5 Cross section of forward single muons from heavy-flavour decays

Figure 4: Differential transverse momentum cross section for muons from heavy-flavour decays in . The statistical error is small (hidden by the markers). The systematic errors (boxes) do not include an additional 10% error on the minimum-bias pp cross section. The comparison with the FONLL prediction fonllpriv () is also shown.

Heavy-flavour production at forward rapidity can be studied using the single-muon distribution diego (), measured in the ALICE muon spectrometer. Comprising five tracking stations, two trigger stations, a thick frontal hadron absorber, a muon filter iron wall, and a large dipole magnet, the spectrometer covers the acceptance .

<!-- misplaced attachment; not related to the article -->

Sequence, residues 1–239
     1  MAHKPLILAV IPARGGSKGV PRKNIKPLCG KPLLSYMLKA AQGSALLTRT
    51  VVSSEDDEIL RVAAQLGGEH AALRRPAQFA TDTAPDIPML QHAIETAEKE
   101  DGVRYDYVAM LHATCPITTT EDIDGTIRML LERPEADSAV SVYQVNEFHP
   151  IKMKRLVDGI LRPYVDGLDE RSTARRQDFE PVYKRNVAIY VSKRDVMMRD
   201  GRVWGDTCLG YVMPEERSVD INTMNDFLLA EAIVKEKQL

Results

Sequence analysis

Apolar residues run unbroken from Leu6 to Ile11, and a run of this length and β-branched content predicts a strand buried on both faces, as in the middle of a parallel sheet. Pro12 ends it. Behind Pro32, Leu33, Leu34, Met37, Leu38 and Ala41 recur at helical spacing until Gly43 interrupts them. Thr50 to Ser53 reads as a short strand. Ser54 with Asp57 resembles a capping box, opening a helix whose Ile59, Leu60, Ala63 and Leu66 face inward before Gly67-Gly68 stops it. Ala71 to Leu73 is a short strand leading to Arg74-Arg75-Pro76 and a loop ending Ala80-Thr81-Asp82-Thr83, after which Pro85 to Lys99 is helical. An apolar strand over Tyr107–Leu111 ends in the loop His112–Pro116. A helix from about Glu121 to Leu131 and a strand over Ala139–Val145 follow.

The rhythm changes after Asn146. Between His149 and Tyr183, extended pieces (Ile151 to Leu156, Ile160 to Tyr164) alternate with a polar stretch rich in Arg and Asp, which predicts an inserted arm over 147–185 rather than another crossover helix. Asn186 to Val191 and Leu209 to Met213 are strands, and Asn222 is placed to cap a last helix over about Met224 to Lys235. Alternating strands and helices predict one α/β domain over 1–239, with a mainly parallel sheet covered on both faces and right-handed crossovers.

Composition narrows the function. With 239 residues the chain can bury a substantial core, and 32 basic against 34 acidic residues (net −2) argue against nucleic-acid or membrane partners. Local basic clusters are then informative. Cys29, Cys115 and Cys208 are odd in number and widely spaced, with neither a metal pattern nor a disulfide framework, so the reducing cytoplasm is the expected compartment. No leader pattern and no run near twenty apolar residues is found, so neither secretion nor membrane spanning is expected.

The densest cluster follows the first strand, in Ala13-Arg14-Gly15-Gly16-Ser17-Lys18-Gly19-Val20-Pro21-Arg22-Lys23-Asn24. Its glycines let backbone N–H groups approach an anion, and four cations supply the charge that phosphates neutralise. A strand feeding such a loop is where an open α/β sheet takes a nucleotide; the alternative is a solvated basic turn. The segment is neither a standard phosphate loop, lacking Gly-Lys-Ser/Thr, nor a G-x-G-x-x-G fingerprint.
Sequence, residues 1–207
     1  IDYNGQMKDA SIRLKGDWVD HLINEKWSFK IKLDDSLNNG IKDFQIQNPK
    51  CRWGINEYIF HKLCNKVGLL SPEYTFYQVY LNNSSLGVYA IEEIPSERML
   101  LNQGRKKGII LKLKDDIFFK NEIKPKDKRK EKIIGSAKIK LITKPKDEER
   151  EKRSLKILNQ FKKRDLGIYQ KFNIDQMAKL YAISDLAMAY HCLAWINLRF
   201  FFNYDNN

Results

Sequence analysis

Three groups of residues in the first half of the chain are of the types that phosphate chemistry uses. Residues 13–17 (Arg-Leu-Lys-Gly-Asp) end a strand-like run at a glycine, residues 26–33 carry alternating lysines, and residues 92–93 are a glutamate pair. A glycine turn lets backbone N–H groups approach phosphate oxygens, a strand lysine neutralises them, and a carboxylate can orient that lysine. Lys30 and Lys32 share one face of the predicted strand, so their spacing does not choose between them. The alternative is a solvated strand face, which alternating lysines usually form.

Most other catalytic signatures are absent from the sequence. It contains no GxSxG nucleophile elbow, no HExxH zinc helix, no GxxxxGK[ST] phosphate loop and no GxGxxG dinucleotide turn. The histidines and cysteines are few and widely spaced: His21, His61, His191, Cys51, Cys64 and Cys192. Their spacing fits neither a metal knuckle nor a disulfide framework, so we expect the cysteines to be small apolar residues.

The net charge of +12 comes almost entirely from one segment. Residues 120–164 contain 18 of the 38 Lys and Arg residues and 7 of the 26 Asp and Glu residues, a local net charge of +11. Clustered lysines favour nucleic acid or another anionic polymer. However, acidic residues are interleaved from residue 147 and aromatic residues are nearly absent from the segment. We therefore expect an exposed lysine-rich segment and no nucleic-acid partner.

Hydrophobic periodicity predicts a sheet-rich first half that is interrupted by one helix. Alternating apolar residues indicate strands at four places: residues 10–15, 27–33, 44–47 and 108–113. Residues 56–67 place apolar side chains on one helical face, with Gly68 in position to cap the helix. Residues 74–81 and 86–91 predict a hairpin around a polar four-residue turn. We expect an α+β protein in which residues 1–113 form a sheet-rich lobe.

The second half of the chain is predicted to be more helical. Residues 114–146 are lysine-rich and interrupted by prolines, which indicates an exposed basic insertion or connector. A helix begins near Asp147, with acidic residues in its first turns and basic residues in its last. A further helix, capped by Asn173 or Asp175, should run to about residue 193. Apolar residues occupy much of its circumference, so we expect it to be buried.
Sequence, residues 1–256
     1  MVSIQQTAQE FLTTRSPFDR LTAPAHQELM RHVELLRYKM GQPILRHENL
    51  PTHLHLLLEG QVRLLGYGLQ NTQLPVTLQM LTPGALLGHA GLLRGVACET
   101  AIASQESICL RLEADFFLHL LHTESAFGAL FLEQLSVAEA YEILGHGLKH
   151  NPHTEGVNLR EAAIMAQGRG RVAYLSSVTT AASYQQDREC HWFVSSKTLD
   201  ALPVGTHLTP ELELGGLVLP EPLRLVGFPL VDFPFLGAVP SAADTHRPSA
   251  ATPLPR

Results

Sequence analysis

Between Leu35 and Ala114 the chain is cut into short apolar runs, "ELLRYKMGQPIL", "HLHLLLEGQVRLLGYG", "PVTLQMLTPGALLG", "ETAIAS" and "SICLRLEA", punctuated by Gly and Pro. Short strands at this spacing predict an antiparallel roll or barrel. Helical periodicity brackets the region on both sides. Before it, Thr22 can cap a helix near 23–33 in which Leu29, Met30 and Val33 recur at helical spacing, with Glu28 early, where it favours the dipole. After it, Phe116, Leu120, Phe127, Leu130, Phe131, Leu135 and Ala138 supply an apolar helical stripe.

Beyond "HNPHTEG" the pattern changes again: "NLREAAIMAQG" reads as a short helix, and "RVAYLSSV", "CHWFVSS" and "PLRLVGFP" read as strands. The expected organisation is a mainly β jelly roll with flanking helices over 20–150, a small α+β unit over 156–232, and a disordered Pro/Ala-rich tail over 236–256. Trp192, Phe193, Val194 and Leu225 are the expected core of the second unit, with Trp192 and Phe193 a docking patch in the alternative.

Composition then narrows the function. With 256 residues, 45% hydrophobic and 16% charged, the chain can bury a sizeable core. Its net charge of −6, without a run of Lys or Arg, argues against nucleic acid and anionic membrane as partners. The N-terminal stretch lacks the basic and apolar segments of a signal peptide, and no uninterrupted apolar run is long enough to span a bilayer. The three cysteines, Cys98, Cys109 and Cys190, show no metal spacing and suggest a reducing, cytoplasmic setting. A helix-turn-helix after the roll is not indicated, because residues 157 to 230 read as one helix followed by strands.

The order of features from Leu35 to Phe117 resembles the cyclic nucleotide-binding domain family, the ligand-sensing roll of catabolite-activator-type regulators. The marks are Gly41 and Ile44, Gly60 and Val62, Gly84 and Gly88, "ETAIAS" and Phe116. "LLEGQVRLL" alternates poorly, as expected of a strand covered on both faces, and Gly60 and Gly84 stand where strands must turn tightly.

The extraction of the heavy-flavour contribution from the single muon spectra requires the subtraction of three main sources of background: a) muons from the decay-in-flight of light hadrons (decay muons); b) muons from the decay of hadrons produced in the interaction with the front absorber (secondary muons); c) punch-through hadrons. The last contribution can be efficiently rejected by requiring the matching of the reconstructed tracks with the tracks in the trigger system. Due to the lower mass of the parent particles, the background muons have a softer transverse momentum than the heavy-flavour muons, and dominate the low- region. The analysis focuses on the region , the upper limit being determined by the resolution of spectrometer with the initial, only partial, alignment. Simulation studies indicate that, in this momentum range, the contribution of secondary muons is small (about 3%). In this region, the main source of background consists of decay muons (about 25%), which have been subtracted by means of Monte Carlo simulations. Namely, the transverse momentum distribution from the Perugia-0 tune of PYTHIA perugia () and a detailed simulation of the detector was normalized to the data, in the range where this contribution is dominant according to the simulation and it was subtracted from the data. The systematic error introduced by this procedure was estimated as 30% to 20% (from low to high ) by comparing the results obtained with other tunings of PYTHIA and by varying by 100% the contribution of secondary particles produced in the frontal and beam-pipe absorbers.